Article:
Singer, songwriter, and French pop enthusiast April March's life would make for a good memoir, though some might not believe its twists and turns, like her stints as an animator for Pee-Wee's Playhouse and Ren & Stimpy, recording with Brian Wilson, backing Ronnie Spector in concert and in the studio, and making records around the globe with top-notch producers and players as diverse as Jonathan Richman and Tony Allen. She started out in the early '90s cutting her version of the classic French yé-yé sound, making a big splash with the song "Chick Habit," which turned up in Quentin Tarantino's Death Proof, and her debut album, 1999's Chrominance Decoder. She soon branched out to make garage punk with the Makers, jangly indie rock with Los Cincos, orchestral pop on 2002's Triggers with producer Bertrand Burgalat, and slacker indie disco with Steve Hanft on 2008's Magic Monsters. No matter the setting, March's innate sense of style and her charming voice fit perfectly, even when mixed with swirling psychedelia (2013's April March & Aquaserge), Afro-pop (2021's In Cinerama), or a variety of retro soundtrack styles, as on 2023's April March Meets Staplin. Born Elinor Blake on April 20, 1965, March's interest in France took root in nursery school, where she began learning French from a puppet named Monsieur Hibou ("Mr. Owl"). Her Francophilia grew in 1978, when she briefly attended junior high in France as an exchange student. She graduated from Phillips Academy Andover in 1983, after which she moved back to New York City to become a comic artist at Archie Comics. She graduated to the animation department of Pee-Wee's Playhouse in 1984, and worked on Madonna's "Who's That Girl" video. In early 1985, Blake formed her first band with fellow vocalists Lisa Dembling and Lisa Jenio, a garage rock-meets-girl group trio named the Pussywillows. The band was put only hold while she took a year-long break to attend Disney's character animation program; when she returned, they released 1988's Spring Fever! EP. The record's vintage sound and girl group attitude helped earn the Pussywillows an opportunity to serve as backing vocalists for Ronnie Spector at Madison Square Garden toward the end of 1989. They also appeared on demos Spector recorded with Marshall Crenshaw that didn't see the light of day until years later. The Pussywillows split up the following year and Blake joined the Shitbirds, a group who were inspired by classic '70s punk. Blake was then hired as an animator and writer for The Ren & Stimpy Show, a gig that required a move to Los Angeles. Once settled in, she began recording under the name April March, releasing the "Voo Doo Doll"/"Kooky" single for the Kokopop label in 1992. While working on Ren & Stimpy, she met the illustrious power popper Andy Paley when he came in for a meeting regarding a soundtrack album for the show. He and Blake hit it off and she began singing on his demos and on soundtracks he produced. Through Paley, she became friendly with the Beach Boys' Brian Wilson and ended up doing some recording with him as well. She also fell in with Jonathan Richman, a noted lover of French music, who plays guitar on some songs Paley and Blake (and the Shitbirds) recorded for the French label Eurovision. The results of these sessions were released in 1994 on the Gainsbourgsion! EP and in 1995 on the Chick Habit EP, issued by Sympathy for the Record Industry. Both releases showed the depth of her love and understanding of French pop as filtered through a girl group lens. She continued recording with the Shitbirds, though they split up soon after issuing their debut album, Famous Recording Artists, in 1995. All the songs from those early Paley/Richman sessions appeared on the 1996 collection Paris in April. French producer Bertrand Burgalat was a big fan of Blake's work as April March and offered her a chance to make a record with him. Sessions took place in studios in Paris and London with guests including Louis Phillipe on guitar and Thee Headcoatees on backing vocals. During some downtime in the recording process, March hooked up with fellow SFTRI artists the Makers for the grungy garage rock collaboration April March Sings Along with the Makers. She also hit the studio with the Bassholes to lay down a noisy cover of ESG's "Moody" and the punk-blues raver "Microscope Feeling" for a single that was released on SFTRI In 1996. The Burgalat sessions were released as Superbanyair in Japan and France. The album is a lovely blend of March's enthusiasm and Burgalat's sophisticated production; it truly sounds like a lost French pop classic from the late '60s. Her next move was to collaborate with the California indie rock band Los Cincos, making one album that had a smoky, late-night feel (April March and Los Cincos) for SFTRI and one for the Japanese label Horen with a looser, more '60s-centric approach complete with psychedelic backing choirs (whose members included Petra and Tanya Haden, Bennett, and Maya Rudolph) and vintage keys (April March and Los Cincos featuring the Choir). Somewhat surprisingly, considering how many other albums featuring March were on the shelves in the U.S. at the time, it took until 1999 for the Burgalat session to be issued there. With the addition of a few songs that were new to the release, a title change to Chrominance Decoder, and a new label -- Ideal Records, an off-shoot of the Dust Brothers-helmed Nickel Bag Records -- the record was released in 1999. The Brothers themselves provided remixes of two tracks from the album, "Sugar" and "Nothing New." She also appeared on the Dust Brothers-produced soundtrack to The X-Files, wrote and sang a song on the Orgazmo soundtrack, and did the same for Election. When the film's director Alexander Payne was unable to procure the Brigette Bardot song "La Madrague," he turned to March and she delivered a fine substitute with "Piscine Couverte." When it came time to record another album, March paired up again with Burgalat and a team of French musicians to create a less retro sound that included drum machines, strings, and horns. It took three sessions, spaced very far apart, to get the record together; it finally came out in 2002. Titled Triggers, it was released by Tricatel in France and PIAS everywhere else. March and a live band set off on a six-week European tour to support it. After some time off, March came back with a splash in 2007 when the song "Chick Habit," her reinterpretation of Serge Gainsbourg's "Laisse Tomber les Filles" she had recorded 15 years earlier, appeared in the Quentin Tarantino film Death Proof. Magic Monsters, a 2008 collaboration with Steve Hanft combined West Coast slacker indie, laid-back disco, and the prerequisite French pop. It was produced by Tom Chasteen and featured appearances by Elliott Smith, DJ Swamp, Tanya Haden, and the Radar Bros. After a detour into acting -- she appeared in two films (Slap the Gondola! in 2009 and Cet Air La in 2010) by French experimental filmmaker Marie Losier -- she made guest appearances on Laetitia Sadier's debut solo album The Trip, and Fugue, the first French-language release by Mehdi Zannad (aka Fugu). Also performing on that album was keyboardist Julien Gasc of the band Aquaserge. He and March had met a few years earlier when he was part of her backing band for a concert in Paris. They decided it was a good idea for her to collaborate with Aquaserge and began trading music back and forth between the band's barn in the French countryside and March's New Jersey apartment. The resulting album, April March & Aquaserge, was mixed by John McEntire and is definitely the most dreamily psychedelic entry in March's catalog. French artist Benjamin Schoos' label Freaksville did the honors in 2013. She next teamed with Burgalat to provide write songs, perform backing vocals, and take the lead on the song "Step on the Gas" for Dynamite! the soundtrack for Bertrand Tavernier's film Quai D'Orsay. She recorded a single with Schoos in 2014 titled "J'ai Essayé de T'Aimer," began writing songs with Mehdi Zannad, who records under the name Fugu, and in 2017 served as an illustrator on Jack White's book We're Going to Be Friends. Included with the book was a single that featured March covering the White Stripes song that inspired the title. She next appeared on the 2019 album Rouen Dreams by Jean-Emmanuel Deluxe & Friends, then her connection with Third Man continued when she joined one of the label's artists, Olivia Jean, on the 2021 Palladium EP, where the singers each take on the same three songs, in English and French and in different genres. During this time, March was also working on an album with producer Mehdi Zannad and a cast list that included many previous collaborators like Andy Paley, Petra & Rachel Haden, Danny Frankel, and Bennet Rogers, as well as new compatriots like legendary drummer Tony Allen, vocalist Lola Kirke, and Marilyn Rovell Wilson of Spring. 2021's In Cinerama touches on familiar sounds like girl group and French pop (though from later in the '60s) while also folding in confessional soft rock, lilting Afro-pop, string- and horn-heavy orchestral pop, and loads of vocal harmonies along the way, becoming March's most diverse offering to date. The album was reissued in 2022, with the addition of a couple of bonus tracks, by which time March had her next collaboration lined up. The French duo Staplin, who made a splash with their vintage soundtracks-inspired album Neon Shades, which features a vocal assist from March. Working with drummer Toby Dammit of the Bad Seeds, the trio concocted a rich and layered sound that is brightly cinematic and gauzily melancholy, with some songs sung in French, some in English. April March Meets Staplin was issued on the Velvetica label in May of 2023.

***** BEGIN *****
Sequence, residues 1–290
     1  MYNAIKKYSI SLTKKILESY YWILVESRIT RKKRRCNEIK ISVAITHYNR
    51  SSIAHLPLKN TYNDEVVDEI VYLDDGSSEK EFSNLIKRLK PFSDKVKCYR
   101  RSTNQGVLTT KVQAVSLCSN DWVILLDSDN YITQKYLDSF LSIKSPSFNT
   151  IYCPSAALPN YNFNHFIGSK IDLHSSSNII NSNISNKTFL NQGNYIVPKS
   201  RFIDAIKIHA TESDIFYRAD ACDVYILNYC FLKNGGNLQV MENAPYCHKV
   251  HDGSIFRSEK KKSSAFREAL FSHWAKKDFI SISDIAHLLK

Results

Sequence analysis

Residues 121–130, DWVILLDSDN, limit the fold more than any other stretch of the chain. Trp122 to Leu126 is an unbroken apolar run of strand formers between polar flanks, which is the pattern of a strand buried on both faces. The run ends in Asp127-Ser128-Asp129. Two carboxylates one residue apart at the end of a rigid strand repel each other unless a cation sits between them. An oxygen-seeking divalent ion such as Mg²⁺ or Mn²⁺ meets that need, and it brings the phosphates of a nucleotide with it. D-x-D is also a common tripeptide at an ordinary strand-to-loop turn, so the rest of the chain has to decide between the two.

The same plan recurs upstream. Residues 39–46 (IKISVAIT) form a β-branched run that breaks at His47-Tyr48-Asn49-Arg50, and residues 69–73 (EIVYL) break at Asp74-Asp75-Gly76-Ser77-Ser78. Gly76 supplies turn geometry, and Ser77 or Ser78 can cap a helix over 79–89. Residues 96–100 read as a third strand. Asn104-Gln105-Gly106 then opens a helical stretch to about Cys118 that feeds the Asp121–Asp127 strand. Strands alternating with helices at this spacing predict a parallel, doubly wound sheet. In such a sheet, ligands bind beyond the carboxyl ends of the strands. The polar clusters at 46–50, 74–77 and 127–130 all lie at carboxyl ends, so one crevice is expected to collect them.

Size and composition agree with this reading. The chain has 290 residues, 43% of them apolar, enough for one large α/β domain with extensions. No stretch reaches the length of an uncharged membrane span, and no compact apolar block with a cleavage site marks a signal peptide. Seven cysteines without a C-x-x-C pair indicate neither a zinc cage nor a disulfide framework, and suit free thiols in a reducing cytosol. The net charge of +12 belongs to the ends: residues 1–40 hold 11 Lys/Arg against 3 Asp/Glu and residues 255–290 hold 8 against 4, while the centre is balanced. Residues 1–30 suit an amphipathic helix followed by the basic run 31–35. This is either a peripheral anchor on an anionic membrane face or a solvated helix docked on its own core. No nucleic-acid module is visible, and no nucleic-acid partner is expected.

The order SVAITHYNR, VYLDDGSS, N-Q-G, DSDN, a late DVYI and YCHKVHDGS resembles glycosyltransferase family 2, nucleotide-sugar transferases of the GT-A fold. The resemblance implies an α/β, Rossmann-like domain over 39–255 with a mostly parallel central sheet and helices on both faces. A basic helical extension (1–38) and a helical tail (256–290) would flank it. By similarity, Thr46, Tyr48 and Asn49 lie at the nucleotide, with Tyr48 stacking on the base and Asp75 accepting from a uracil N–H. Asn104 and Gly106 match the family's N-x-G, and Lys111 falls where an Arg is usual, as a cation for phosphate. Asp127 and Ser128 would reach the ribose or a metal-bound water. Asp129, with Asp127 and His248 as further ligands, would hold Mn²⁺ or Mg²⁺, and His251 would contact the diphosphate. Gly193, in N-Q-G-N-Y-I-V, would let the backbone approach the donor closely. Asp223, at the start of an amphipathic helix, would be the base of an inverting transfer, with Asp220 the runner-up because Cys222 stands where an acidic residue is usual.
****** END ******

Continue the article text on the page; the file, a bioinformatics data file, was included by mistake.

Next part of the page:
© Tim Sendra /TiVo